Negatively categorizing medical researchers and historians like himself and his wife, while also aligning the work they did with becoming like Christ, in contrast to those who wish to “maximize efficiency”…not judgmental? Hmmm. Rachel wrote:

    “We jokingly call money bread, and use it to purchase plastic wrapped spongy loaves, but that is just a transaction for a commodity; there is no reflection and no space for gratitude in economics.”

    Which gives us a non-specified “we,” and a bare insinuation that that “we” is failing, by embracing the consumer economic model, to reflect and show gratitude. I don’t know–seems to me that Sam’s judgment was much harsher than hers.

    Which, to me at least, is not big deal–because I don’t think we can avoid rule-making, I don’t think we can avoid judgment. We are obviously called not to judge but I’m not sure exactly how we are to do that. I definitely think that our judgments should be voiced by way of example and invitation, but judgments they remain. And hence, they are calls for us to think about rules, and the social and/or economic bases they presume.

  19. Russell Arben Fox on October 11, 2011 at 11:24 am

    James (#17),

    or, as Russell thinks, normatively legislating in favor of this choice

    No, I don’t think Rachel’s post is involved in doing such, or even promoting such. What I’m saying is that I doubt very much that you can write a post like Rachel’s and refuse to consider such as a possibility. I think Julie quite legitimately discerned a critique in Rachel’s post, and responded to it. Rachel can choose to pursue her critique in light of that response, or not. I’m the sort of person who would, but if Rachel isn’t, that’s fine. But be that as it may, it certainly doesn’t follow that the critique isn’t there. Neither is it the case that the critique needs to be turned into something it isn’t–namely, a legislative gambit.

  20. Kaimi on October 11, 2011 at 12:02 pm

    First, great post. I really liked it.

    Second, I understand Julie and Russell’s comments, but I think that some of their own comments are overreactions.

    I think it’s true that baking bread is substantively different than running to Von’s to buy a loaf for $1.99. One requires time, and planning, and forethought, and talent, and care. The other requires $1.99. And in many cases, one tastes better.

    This isn’t to downplay the possibility that Von’s would have an excellent loaf of bread. But the overall experience is simply less intimate, less connected to one’s surroundings.

    As Julie notes, that’s not the only factor. People don’t have infinite time. And some people might reasonably choose to spend their time on other things. A woman might reasonably choose to buy her bread at Von’s, so that she can write poetry instead of grinding wheat. Her $1.99 might come from selling hand-sewn clothing. Her net experience might be just as connected as Rachel’s.

    But we don’t know that. All we know is that she has $1.99, and five minutes of time. She could be uber-connected; or she could be a trust-fund baby who spends all of her free time playing World of Warcraft.

    Given what we do know, I think that the experience of baking bread as Rachel describes, as a method of bread acquisition, is superior to running to Von’s. And that’s nothing to freak out about, and it’s not an overall lifestyle criticism.

  21. Rachel Whipple on October 11, 2011 at 12:10 pm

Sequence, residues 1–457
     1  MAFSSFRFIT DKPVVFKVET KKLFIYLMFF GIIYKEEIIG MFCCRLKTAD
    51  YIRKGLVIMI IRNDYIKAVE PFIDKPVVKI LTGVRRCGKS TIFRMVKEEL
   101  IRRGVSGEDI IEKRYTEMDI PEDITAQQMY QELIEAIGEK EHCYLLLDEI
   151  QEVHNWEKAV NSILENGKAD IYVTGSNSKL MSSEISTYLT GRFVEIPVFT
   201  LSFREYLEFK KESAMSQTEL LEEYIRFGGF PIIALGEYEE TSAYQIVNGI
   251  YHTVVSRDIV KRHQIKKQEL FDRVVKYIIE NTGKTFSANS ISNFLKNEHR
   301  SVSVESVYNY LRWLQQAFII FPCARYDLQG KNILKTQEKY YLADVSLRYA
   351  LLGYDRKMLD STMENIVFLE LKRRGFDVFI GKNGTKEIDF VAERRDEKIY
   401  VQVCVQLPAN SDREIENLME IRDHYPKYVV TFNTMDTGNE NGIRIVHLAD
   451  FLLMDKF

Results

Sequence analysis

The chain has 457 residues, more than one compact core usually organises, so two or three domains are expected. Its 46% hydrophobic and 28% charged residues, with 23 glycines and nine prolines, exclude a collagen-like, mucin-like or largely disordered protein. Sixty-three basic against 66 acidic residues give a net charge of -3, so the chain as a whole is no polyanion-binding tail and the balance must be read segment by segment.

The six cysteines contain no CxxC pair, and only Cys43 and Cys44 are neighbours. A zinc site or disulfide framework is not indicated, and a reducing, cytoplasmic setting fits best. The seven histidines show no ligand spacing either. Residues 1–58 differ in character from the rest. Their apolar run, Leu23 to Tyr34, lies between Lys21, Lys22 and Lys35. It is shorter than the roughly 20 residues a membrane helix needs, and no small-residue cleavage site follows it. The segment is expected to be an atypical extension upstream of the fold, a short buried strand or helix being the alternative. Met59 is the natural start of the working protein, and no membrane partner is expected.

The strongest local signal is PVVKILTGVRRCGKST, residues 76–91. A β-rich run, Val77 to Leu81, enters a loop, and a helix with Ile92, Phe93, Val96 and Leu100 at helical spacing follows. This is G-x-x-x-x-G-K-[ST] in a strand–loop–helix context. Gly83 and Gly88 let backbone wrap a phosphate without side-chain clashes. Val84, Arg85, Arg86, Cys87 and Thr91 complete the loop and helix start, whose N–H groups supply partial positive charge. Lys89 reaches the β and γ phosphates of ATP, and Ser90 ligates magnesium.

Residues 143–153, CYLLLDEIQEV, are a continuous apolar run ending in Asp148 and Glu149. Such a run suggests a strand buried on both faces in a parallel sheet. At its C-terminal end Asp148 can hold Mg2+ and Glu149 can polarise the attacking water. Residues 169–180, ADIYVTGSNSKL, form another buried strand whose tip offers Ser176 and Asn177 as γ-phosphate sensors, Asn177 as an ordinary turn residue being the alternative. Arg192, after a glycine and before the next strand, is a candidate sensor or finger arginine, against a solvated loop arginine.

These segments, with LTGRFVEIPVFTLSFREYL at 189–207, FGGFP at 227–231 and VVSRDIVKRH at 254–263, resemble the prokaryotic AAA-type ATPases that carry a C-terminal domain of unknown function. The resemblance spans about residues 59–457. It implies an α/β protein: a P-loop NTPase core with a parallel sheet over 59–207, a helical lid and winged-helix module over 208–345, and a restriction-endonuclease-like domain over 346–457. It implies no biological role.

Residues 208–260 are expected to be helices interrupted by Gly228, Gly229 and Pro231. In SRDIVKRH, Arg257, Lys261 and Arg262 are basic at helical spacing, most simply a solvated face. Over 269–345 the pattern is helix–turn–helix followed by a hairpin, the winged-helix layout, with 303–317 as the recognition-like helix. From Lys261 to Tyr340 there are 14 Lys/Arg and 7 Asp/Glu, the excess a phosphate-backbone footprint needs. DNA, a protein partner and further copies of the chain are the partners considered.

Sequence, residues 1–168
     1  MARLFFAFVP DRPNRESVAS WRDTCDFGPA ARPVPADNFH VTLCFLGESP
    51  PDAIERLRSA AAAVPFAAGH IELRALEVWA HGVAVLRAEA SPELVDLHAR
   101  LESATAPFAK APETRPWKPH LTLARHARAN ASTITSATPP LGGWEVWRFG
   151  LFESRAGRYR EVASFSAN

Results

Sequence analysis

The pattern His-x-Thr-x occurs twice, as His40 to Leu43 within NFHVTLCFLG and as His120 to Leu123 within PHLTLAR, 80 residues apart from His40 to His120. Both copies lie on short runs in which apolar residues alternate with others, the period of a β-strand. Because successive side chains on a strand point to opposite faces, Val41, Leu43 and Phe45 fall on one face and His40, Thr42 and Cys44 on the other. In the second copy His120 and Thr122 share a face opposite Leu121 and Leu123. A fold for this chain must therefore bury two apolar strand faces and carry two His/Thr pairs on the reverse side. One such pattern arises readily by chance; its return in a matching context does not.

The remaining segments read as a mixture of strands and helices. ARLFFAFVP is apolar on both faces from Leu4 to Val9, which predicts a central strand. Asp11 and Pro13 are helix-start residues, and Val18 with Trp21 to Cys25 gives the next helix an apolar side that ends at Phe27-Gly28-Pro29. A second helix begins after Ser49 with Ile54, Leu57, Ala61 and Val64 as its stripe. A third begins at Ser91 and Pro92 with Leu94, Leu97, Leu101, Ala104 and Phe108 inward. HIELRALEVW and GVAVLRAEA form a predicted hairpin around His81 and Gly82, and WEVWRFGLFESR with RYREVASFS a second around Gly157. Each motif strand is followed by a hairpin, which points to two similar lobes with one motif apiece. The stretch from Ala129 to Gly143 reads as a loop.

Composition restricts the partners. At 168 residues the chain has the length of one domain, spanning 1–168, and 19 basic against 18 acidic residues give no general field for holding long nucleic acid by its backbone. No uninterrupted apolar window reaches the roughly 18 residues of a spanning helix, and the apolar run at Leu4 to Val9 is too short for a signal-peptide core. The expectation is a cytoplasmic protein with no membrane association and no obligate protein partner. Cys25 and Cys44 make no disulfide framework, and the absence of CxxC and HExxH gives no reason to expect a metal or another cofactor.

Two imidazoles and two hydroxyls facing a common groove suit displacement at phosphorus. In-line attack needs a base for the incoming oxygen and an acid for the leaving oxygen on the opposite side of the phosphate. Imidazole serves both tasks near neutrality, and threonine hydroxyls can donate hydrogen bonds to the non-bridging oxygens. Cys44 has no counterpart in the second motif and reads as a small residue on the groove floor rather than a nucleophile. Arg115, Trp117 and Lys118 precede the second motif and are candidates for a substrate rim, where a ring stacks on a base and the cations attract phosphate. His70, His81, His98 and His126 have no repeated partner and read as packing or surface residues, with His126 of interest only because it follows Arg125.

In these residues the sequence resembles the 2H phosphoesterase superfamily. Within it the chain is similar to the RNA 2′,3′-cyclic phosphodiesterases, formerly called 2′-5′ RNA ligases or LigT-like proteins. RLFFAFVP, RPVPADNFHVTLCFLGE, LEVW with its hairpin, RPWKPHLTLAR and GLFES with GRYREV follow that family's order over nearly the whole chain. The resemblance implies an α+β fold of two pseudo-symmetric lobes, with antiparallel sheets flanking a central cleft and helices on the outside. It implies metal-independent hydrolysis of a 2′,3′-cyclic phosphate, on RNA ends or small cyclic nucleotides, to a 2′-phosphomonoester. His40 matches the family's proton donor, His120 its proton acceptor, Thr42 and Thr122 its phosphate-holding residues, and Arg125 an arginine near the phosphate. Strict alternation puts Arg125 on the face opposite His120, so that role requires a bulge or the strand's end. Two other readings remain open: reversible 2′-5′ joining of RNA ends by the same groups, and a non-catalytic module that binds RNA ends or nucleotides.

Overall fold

What I like about my bread is that it is an opportunity for reflection. It is a time to connect the work of my temporal daily life with prayer and God. What I failed to do in the post was ask for the practices and routines that you have that connect you with God. Do you find time for reflection in your commute to work? Quiet time for contemplating the fount of righteousness in the shower? What ways have you found to make your life and work an act of prayer and worship?

  22. Bob on October 11, 2011 at 12:52 pm

    It’s fine to think of home baked bread as a joyful thing on it’s own. But it’s bad stewardship/thrift. Mass bread baking is a core need of ‘The Masses’. Mass baking is a faction of the cost. A large baking center can make a loaf for pennies. All big groups/cities through time needed to mass bake their bread.

  23. Julie M. Smith on October 11, 2011 at 1:02 pm

    James, Rachel labels choices other than her own (in the OP, she does back away from it in later comments) as:

    1. just a transaction
    2. commodification
    3. no reflection
    4. no space for gratitude
    5. mere economics

    Without recognizing that Wonderbread buyers are completely capable of 3 and 4 and her choice absolutely does involve 1, 2, and 5.

    You write, “This implies a gratitude for the ability to choose as she has – surely Julie, you don’t want to criticize Rachel for the choice she’s made?”

    I’m criticizing her for criticizing bread buyers; I am not criticizing her for baking bread.

    You write, “Second, she notes the clear difference between a mere transaction and an activity that include agency, sacrifice, work, reflection, and gratitude. Is this really controversial?”

    Yes. All of those things come into play when you earn money and use it to grocery shop and then prepare the food you have purchased. I don’t think Rachel went so far as to say that Wonderbread buyers aren’t exercising agency, sacrifice, or work (she did say reflection and gratitude in the OP, but later nuanced it in the comments), but if you are saying those, I disagree. Again, this gets into the Mommy Wars theme when only the bread bakers are seen to be displaying agency, sacrifice, etc., while those who just buy bread aren’t doing any meaningful work. Everyone who has slogged through a grocery store, particularly with little ones in tow, should realize that it is work!